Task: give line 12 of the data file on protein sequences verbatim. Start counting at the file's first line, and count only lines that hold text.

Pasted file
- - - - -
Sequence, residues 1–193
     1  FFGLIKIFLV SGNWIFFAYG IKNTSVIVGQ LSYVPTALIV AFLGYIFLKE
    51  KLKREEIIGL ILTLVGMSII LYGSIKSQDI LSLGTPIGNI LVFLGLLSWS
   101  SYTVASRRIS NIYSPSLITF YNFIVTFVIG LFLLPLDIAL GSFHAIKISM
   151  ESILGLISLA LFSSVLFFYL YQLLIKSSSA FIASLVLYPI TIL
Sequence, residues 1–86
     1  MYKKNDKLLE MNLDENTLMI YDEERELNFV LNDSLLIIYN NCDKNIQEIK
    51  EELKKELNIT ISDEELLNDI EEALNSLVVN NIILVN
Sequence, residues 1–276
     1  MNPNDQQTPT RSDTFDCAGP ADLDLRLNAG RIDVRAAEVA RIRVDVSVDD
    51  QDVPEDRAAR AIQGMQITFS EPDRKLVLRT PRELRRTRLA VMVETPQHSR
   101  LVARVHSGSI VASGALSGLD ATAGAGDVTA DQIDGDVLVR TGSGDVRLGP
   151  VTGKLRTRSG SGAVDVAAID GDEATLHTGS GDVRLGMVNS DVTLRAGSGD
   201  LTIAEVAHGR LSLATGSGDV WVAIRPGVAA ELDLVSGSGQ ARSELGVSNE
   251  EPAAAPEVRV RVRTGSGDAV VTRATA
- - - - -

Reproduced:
   101  LVARVHSGSI VASGALSGLD ATAGAGDVTA DQIDGDVLVR TGSGDVRLGP